The Singapore Ministry of Health reported 1,426 new COVID-19 infections by noon on Monday alone, 95 percent of them among temporary workers from India, Bangladesh and other countries in Southeast Asia who are crammed into inhumane dwellings.
The city-state, a former British colony, was praised in the early weeks of the coronavirus epidemic for its strict measures—tracing COVID-19 cases back to the first infected person—to contain infections in the native population. A different story in the city-state is now emerging, hidden behind the shiny skyscrapers of the financial centre and the pompous hotel complexes.
Among Singapore’s nearly 6 million inhabitants are some 323,000 workers who built these skyscrapers, Changi Airport, the subways and the HDB flats—the homes of the locals. They are housed in “foreign workers dormitories,” where 8, 12, 18 or even up to 25 workers share a room with bunk beds.
In the largest of these camps, Sungei Tengah Lodge—far from the city centre—about 25,000 workers are accommodated in this way in several blocks of flats. The S11 dormitory in the district of Punggol houses up to 13,000 workers in a fenced area. In this camp, 1,123 patients had already tested for COVID-19 as of Saturday.
These “purpose-built dormitories” (PBDs), which are under the regulation of the Ministry of Labour, are run by private companies. This group of dormitories consists of 43 complexes that can accommodate between 3,000 and 25,000 workers per complex. Twenty-two of these have groups of infected people and 13 had been quarantined through the end of last week.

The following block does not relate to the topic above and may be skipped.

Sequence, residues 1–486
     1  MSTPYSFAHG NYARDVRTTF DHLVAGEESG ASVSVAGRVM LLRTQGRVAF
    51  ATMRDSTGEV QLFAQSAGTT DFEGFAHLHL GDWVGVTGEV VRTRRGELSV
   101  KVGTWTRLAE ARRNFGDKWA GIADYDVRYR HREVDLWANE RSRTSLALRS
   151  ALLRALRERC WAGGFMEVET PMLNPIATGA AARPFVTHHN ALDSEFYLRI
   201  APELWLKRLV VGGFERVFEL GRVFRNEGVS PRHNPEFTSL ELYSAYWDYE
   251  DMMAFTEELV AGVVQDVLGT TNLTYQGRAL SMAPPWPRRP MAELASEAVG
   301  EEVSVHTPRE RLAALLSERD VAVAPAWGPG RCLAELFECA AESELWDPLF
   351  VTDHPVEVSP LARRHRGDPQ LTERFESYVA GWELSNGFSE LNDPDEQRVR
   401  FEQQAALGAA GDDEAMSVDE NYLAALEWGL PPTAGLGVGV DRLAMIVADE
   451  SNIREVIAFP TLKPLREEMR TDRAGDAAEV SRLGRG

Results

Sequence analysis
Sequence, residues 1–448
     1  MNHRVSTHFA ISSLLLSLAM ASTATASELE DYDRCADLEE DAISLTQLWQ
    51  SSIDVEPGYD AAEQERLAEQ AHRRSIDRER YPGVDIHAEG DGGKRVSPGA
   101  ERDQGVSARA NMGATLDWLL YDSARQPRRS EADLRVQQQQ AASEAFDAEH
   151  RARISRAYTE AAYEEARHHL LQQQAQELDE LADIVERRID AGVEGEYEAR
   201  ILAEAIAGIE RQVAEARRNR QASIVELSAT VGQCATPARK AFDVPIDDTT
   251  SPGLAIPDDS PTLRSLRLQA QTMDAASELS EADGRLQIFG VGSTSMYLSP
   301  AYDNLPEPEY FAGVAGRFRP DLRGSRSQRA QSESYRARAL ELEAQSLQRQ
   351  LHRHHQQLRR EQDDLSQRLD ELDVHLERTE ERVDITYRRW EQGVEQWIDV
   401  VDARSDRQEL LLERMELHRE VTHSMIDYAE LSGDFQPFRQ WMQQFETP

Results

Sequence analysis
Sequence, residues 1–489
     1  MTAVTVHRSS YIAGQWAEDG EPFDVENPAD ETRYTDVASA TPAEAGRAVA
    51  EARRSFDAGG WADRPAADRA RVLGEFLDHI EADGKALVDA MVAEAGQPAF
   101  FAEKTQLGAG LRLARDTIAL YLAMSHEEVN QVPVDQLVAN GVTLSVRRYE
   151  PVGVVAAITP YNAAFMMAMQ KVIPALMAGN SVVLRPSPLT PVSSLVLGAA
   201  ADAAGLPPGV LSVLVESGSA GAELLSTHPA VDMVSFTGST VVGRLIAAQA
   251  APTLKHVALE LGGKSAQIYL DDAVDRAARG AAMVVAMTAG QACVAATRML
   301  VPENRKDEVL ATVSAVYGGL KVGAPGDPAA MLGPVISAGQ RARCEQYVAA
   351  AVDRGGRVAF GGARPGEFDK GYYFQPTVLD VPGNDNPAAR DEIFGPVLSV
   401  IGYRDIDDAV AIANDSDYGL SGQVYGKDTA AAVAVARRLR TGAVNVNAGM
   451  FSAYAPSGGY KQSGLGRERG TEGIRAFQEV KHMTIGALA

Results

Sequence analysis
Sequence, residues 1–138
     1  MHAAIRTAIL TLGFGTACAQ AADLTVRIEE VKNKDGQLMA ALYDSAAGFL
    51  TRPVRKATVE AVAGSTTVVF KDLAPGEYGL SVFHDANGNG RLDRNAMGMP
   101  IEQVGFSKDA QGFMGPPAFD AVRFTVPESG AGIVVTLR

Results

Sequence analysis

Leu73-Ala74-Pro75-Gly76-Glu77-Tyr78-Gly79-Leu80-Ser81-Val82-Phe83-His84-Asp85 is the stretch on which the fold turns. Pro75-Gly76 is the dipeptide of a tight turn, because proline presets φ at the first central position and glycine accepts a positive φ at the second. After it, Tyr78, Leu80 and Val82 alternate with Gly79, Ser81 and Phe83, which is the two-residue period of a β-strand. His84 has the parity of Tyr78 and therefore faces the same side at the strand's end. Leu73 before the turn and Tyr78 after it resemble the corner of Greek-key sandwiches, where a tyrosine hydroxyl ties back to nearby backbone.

This means that workers cannot leave their block. Workers report on their social media platform that any violation will be punished with a fine of 10,000 Singapore dollars (about US$7,000) or six months in prison. Workers also write about the fear they feel when they see 15 ambulances driving into the block every day and newly infected people with more severe symptoms being driven to hospital. In addition, there is the lack of contact between them. “You can’t watch videos on the Internet all day,” reports one of the workers.
A total of about 200,000 workers live in the PBDs, with another 95,000 in “Factory-Converted Dormitories,” each of which can accommodate 50 to 500 workers, also under the registration of the Ministry of Labour. Another 28,000 or so workers live in containers directly at their workplaces (“On-Site Housing”), accommodating up to 40 workers each. These shelters are only checked occasionally.
These conditions exist in a tropical climate, where average temperatures vary between 28 and 32 degrees Celsius (82° to 90°F) and humidity is around 80 percent—in buildings without air conditioning.
The dormitories are run by private companies that have no concern for workers’ health. Even the government did not show much interest in the health protection of these workers, despite the rapid spread of the virus under such living conditions being predictable and inevitable.
After cessation of the construction work due to the spread of the pandemic, workers are stuck in congested dormitories because only those needed for urgent work—including Singapore’s garbage collection service—were allowed to leave the complex and were now housed separately.
Since a 48-year-old construction worker from Bangladesh tested positive for COVID-19 on March 28, the infection statistics among temporary workers have risen sharply. On Monday, Johns Hopkins University registered 8,014 infected persons in Singapore. Temporary workers now account for 90 percent of the new infections registered daily, with only a minority tested so far.
The Ministry of Health first became aware of the spread of infection in these dormitories when the infection figures reported by the hospitals increased dramatically beginning in April. The government has now ordered that the infected workers be separated from the healthy ones, and that some of the sick be moved to military camps or empty gymnasiums or ships. But the measures will probably have little effect, as the infection has spread further among workers living in close quarters. Not all workers have yet been tested.